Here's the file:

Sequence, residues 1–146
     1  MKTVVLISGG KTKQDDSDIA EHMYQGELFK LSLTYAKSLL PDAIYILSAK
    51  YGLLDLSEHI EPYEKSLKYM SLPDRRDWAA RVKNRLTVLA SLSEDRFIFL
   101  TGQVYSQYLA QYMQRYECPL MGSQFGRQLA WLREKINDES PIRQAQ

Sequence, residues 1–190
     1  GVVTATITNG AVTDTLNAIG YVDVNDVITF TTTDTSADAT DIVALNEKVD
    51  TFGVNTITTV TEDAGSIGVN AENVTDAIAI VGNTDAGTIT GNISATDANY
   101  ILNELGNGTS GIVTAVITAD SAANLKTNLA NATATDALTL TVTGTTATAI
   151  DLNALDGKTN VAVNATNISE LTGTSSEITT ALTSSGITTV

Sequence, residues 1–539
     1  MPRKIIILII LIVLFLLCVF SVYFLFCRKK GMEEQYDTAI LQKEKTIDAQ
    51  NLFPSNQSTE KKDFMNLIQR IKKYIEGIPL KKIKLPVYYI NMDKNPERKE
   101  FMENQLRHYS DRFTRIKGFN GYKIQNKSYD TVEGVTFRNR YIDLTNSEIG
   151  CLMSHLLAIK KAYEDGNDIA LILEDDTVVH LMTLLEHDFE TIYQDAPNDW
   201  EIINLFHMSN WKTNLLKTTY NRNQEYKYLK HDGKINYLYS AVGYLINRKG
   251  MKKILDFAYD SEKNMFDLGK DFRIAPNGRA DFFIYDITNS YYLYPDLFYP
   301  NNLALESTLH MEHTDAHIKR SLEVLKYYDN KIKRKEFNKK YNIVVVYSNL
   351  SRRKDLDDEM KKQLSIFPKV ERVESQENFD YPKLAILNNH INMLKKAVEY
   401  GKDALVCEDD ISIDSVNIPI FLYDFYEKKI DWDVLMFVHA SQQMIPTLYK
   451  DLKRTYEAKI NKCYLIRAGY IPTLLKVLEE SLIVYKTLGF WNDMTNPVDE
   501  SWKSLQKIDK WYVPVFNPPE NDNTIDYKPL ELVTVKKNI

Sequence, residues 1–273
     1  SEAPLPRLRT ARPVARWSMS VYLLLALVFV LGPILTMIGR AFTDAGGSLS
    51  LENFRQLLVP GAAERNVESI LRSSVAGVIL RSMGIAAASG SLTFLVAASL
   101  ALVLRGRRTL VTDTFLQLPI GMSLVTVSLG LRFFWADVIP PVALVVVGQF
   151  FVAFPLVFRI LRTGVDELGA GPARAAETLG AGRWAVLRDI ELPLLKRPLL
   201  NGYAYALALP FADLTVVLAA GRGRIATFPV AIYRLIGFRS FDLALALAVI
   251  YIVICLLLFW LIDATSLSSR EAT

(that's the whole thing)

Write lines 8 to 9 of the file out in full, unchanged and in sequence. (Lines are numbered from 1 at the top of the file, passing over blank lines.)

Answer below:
   101  ILNELGNGTS GIVTAVITAD SAANLKTNLA NATATDALTL TVTGTTATAI
   151  DLNALDGKTN VAVNATNISE LTGTSSEITT ALTSSGITTV